IceCube Neutrino Linked to Cosmic Source.
FOLLOW-UP OBSERVATIONS ACROSS the electromagnetic spectrum have helped scientists pinpoint the source of a single high-energy neutrino--a barely-there particle that has no electrical charge and almost no mass. The IceCube collaboration announced the probable birthplace of the neutrino, dubbed IceCube-170922A, in the July 13th Science.
The neutrino ghosted through our planet on September 22, 2017, before crashing into an atom in the Antarctic ice. The collision produced a heavy cousin of the electron called a muon, which left a track of dim, bluish light in the IceCube detector. Backtracking from the muon's trajectory, a computer cluster calculated the source's location on the sky and sent an automated alert to telescopes around the world just 43 seconds after the event.
Within hours the space-based Neil Gehrels Swift Observatory had identified the particle's possible source: the blazar TXS 0506+056, whose light and particles travel 3.8 billion light-years to reach Earth. This supermassive black hole sends out twin jets of high-energy radiation, one of which happens to be aimed at Earth. The Fermi Gamma-ray Space Telescope reported that this blazar was flaring at the time of the neutrino event. Observations from more than 20 telescopes confirmed the flare across the electromagnetic spectrum.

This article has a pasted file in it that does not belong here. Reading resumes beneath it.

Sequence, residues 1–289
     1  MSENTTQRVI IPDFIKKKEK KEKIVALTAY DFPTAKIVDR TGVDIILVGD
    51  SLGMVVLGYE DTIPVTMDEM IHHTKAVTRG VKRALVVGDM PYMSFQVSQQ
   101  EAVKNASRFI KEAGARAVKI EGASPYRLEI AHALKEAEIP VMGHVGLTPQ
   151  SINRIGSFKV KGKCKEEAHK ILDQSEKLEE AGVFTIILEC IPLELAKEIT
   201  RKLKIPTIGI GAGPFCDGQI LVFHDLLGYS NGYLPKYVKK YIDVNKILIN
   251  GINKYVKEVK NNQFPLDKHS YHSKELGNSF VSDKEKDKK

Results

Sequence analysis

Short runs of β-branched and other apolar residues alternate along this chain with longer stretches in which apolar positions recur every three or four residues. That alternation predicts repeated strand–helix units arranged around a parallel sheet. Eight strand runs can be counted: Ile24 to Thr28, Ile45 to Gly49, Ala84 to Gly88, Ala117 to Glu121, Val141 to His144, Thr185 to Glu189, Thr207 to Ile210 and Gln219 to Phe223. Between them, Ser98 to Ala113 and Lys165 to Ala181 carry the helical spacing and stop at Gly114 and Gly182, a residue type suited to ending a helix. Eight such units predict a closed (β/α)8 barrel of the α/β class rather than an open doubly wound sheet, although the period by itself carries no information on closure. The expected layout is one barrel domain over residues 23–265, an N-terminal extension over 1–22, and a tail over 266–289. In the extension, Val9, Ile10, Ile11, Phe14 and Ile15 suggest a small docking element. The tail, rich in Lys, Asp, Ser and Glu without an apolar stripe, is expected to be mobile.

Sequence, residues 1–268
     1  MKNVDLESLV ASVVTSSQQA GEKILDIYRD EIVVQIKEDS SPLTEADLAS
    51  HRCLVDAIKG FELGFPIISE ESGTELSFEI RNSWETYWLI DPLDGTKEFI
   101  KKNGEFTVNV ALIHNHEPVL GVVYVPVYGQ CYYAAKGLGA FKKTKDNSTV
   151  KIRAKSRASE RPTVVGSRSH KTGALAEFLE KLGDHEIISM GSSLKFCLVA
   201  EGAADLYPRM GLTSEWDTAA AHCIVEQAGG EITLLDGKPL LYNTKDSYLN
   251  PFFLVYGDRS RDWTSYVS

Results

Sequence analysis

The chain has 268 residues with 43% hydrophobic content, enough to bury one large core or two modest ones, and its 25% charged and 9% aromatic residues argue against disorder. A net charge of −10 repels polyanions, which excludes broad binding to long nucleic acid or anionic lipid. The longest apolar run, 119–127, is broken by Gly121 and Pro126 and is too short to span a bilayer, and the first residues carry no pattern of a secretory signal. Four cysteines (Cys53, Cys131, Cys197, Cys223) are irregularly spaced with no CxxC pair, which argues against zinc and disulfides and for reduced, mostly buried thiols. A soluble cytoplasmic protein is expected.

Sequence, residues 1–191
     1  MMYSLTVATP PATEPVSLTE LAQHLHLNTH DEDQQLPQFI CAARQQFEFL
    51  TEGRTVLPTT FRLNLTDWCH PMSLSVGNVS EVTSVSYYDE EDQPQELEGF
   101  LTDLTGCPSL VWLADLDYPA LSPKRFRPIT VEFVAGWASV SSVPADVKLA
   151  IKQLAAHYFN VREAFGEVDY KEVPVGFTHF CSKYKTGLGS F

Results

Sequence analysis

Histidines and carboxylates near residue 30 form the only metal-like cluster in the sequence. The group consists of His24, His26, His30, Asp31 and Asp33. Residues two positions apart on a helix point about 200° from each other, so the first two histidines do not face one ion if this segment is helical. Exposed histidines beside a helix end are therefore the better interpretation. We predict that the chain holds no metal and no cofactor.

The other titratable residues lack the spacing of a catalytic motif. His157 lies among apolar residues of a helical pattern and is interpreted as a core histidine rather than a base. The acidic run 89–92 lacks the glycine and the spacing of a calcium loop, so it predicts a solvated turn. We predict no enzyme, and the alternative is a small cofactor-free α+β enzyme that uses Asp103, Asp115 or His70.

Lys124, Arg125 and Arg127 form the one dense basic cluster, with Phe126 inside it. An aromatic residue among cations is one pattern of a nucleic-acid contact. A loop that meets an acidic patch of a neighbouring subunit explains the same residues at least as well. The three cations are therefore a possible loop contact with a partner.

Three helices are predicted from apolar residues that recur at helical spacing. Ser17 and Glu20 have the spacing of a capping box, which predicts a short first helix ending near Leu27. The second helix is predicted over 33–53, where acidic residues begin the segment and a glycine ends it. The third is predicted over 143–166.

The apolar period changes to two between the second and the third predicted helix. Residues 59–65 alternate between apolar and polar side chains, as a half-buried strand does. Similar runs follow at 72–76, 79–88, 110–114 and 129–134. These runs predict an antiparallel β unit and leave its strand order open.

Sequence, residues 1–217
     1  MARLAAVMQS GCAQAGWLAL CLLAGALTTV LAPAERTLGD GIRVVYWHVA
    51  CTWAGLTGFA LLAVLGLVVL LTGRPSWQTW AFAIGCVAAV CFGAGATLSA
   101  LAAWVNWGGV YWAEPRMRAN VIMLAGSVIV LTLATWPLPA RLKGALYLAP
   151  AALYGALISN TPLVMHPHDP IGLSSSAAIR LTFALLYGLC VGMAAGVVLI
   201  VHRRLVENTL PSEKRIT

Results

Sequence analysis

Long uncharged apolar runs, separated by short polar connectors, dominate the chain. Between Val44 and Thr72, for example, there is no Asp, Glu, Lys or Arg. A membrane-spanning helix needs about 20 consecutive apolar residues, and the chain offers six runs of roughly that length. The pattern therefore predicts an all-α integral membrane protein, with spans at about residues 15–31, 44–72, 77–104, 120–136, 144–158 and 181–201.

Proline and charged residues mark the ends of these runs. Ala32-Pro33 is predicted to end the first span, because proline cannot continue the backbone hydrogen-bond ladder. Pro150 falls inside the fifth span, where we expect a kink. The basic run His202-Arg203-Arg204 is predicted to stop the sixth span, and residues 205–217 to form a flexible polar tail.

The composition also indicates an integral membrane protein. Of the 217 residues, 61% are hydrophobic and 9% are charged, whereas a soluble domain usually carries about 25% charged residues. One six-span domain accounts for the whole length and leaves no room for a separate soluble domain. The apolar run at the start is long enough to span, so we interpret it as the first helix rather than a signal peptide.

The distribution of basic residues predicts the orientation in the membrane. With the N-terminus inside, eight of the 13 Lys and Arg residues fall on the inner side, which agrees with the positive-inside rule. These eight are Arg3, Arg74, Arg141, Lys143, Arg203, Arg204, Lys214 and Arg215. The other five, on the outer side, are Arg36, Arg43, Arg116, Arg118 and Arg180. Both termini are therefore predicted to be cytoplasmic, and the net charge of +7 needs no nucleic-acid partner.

With a known object for reference, IceCube scientists searched the archive and discovered that the blazar was associated with a larger-than-expected number of neutrinos detected between 2014 and 2015. Both the neutrino energies and the light collected from the blazar are characteristic of a cosmic particle accelerator.
Oddly, scientists haven't detected neutrinos from flaring blazars much closer to Earth, such as Mkn 425 and Mkn 501. However, the authors calculate the chance of a coincidental alignment between the single neutrino detection and the flare of TXS 0506+056 to be only one in a thousand. Still, Kohta Murase (Penn State) urges caution: "If we look at history, there have been many claims for which such a level of significance eventually went away," he explains. "Definitely, we need more events to establish that blazars are sources of neutrinos."
Caption: The neutrino recorded on September 22, 2017, smashed into Antarctic ice, creating a muon that left the track shown here. Color encodes the time of arrival (red is sooner, blue is later), and the size corresponds to the brightness recorded by individual sensors.
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|Title Annotation:||PARTICLES; IceCube-170922A|
|Publication:||Sky & Telescope|
|Date:||Nov 1, 2018|
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